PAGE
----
Creating artwork out of someone else’s photographs has legal implications, while taking photographs of someone else’s artworks has copyright limitations. Copyright laws cover a broad range of media as they intend to protect the right of an author, composer, creator or photographer to have control over authorship and ownership of an original work; regardless of whether the tangible medium has been published or not.
Important Things to Know When Using Photographs as Painting Reference
In the world of art, some artists simply base their painting on a photographed image taken by someone else, without knowing that doing so limits their right to exhibit or sell their creation. If a photo used as reference for a painting was not taken by the artist himself, putting the painting in public display and selling it will infringe on the copyright of the photographer who took the picture. Not unless, the photographer has given the artist express permission to reproduce a painted version of the photo in question.
Still, even if a painter has been given permission by the photographer, his or her painting cannot be considered as an original creation but only a derivative work. On the other hand, photographers cannot sell photographs of a person or give anyone permission to use photographs of models, without first securing a “model release” form signed by every model involved in the photography work
Portrait Painting or Photography and the Model Release Form
Painting a portrait of a person also has limitations. Under copyright laws, it an artist intends to release a painted portrait for public exhibit and to subsequently sell it, the artist has to obtain a model release form signed by the person who modeled for the painting.
Even museums and galleries have to make sure that the necessary authorizations are already in order, before they put up an artwork for exhibit. In fact, most museums and art institutions do not always allow visitors to take photographs of their art exhibits. Aside from copyright laws, museums also take into consideration the potential effects of harsh flashing lights on some exhibits. More importantly, the flow of foot traffic in a museum can be hampered by visitors who pose to take selfies in front of displays.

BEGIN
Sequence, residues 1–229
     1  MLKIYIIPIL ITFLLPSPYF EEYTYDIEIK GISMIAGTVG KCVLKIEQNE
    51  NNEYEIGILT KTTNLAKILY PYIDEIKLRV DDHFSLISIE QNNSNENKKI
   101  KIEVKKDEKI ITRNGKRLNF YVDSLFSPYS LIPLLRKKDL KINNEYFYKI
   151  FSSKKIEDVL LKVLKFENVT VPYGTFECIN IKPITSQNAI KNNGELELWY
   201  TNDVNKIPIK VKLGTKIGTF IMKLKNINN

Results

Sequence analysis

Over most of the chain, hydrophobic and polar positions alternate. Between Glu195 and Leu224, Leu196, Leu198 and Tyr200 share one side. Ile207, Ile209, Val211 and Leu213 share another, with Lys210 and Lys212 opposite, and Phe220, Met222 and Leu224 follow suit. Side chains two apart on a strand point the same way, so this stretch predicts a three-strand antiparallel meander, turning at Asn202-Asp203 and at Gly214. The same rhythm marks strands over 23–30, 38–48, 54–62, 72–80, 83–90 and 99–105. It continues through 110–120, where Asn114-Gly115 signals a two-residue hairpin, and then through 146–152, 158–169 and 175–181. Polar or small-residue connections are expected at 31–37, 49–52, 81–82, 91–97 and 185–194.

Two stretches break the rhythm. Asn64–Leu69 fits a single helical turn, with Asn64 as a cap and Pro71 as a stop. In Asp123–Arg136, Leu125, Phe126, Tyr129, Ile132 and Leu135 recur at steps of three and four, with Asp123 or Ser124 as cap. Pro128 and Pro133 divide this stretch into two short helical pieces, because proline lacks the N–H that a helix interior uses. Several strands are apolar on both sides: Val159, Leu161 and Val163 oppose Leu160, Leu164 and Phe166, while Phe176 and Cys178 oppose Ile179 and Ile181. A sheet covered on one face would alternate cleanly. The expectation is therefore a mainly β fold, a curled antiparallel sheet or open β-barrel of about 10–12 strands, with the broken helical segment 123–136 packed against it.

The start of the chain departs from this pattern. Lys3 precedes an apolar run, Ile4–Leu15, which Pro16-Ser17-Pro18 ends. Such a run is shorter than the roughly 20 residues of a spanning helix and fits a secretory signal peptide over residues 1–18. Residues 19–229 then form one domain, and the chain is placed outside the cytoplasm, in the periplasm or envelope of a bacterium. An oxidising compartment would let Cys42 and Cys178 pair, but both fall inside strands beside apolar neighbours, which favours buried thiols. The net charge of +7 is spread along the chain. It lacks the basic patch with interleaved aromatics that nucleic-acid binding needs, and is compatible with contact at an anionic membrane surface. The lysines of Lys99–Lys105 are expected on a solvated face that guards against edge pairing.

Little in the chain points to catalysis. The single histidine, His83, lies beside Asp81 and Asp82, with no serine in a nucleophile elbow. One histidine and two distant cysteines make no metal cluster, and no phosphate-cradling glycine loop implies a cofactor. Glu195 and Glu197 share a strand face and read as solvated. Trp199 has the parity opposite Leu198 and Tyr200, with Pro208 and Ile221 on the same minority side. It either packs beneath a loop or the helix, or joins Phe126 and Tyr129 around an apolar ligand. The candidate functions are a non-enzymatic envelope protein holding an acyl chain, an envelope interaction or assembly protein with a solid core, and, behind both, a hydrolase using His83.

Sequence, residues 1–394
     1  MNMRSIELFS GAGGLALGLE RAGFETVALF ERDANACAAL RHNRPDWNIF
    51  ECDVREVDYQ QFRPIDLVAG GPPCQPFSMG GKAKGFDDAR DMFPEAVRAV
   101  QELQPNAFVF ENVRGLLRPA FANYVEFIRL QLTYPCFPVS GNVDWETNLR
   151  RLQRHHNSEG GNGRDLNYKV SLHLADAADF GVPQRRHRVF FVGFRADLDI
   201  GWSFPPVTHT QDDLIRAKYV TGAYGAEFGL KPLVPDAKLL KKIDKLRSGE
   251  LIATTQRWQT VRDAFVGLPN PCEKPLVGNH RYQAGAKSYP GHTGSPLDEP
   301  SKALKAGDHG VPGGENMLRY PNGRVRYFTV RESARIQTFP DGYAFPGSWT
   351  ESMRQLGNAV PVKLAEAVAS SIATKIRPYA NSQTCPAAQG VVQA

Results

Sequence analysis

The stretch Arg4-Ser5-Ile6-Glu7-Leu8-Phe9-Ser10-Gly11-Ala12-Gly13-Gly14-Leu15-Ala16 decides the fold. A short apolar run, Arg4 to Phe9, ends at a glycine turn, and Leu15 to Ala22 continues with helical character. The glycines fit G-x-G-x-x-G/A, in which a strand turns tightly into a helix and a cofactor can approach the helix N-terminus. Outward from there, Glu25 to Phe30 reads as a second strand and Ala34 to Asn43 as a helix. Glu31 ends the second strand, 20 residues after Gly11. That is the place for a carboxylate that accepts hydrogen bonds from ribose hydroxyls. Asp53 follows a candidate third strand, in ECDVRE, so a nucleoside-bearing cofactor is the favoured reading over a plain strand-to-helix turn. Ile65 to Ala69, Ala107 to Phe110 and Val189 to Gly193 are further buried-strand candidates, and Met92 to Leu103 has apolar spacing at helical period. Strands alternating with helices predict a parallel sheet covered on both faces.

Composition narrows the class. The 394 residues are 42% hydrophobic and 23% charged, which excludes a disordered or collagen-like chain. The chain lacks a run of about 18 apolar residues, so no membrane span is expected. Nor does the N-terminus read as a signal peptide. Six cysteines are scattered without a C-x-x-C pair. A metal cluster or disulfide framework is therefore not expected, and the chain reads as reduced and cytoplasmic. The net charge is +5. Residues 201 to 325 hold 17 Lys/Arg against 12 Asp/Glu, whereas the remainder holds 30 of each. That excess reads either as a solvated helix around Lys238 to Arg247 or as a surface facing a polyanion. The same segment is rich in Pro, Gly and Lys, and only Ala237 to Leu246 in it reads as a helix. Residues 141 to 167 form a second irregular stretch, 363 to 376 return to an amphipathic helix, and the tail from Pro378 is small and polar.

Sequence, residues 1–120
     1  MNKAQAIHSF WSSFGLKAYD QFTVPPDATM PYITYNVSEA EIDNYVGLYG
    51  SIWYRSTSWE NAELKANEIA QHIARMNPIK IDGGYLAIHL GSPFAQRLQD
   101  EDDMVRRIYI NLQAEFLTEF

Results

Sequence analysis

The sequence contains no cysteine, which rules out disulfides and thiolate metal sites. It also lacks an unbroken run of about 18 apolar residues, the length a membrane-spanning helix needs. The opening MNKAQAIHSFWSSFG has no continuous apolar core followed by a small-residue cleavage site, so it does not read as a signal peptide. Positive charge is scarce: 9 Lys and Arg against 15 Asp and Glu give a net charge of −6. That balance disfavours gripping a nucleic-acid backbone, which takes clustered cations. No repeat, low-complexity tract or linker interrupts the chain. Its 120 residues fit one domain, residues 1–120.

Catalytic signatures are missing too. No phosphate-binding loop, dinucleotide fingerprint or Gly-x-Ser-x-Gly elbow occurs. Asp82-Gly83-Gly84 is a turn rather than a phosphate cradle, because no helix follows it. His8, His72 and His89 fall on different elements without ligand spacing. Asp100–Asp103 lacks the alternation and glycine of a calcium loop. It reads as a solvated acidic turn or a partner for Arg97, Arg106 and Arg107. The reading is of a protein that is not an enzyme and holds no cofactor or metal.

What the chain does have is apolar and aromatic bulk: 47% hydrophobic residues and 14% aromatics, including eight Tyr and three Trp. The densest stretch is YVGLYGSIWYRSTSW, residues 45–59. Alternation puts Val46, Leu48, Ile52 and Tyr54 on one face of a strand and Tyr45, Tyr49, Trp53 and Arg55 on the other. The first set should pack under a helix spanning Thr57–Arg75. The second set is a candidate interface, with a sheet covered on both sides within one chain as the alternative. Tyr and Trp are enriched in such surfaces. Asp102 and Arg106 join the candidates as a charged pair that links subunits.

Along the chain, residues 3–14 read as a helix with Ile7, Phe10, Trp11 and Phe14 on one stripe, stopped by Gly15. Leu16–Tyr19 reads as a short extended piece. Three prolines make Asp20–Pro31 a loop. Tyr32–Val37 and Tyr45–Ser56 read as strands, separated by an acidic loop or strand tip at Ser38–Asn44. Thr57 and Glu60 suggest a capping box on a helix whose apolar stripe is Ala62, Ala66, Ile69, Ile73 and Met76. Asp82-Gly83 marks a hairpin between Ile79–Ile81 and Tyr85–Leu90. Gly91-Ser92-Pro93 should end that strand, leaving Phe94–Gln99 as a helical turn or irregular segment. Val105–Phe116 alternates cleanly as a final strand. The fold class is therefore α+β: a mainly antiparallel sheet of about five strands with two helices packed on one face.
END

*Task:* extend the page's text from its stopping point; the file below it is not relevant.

Art Photography in Collaboration with Galleries and Museums
In art galleries, artists sign a contractual agreement with the gallery administrator since the purpose of the exhibit is to put the art work up for sale. As part of the contract, artists give the gallery authorization to reproduce prints or photos of their art pieces but only for marketing and advertising purposes. The authorization ends upon termination of a contract between the gallery and the artist.
While a gallery may hire a professional photographer to take pictures of the artworks in exhibit, the gallery retains the right to use the photographs only for marketing and promotional purposes. On the other hand, if a museum hires a photographer to make photo prints of their art exhibits, only the museum, with the permission of the artists concerned, has the right to sell the prints as souvenir items in the institution’s gift shop.
That is why in the field of professional photography, research work involves not only looking for the best full frame cameras or lenses to use when taking on professional engagements. There is also the matter of knowing the limitations imposed by copyright laws when it comes to capturing images of artistic works.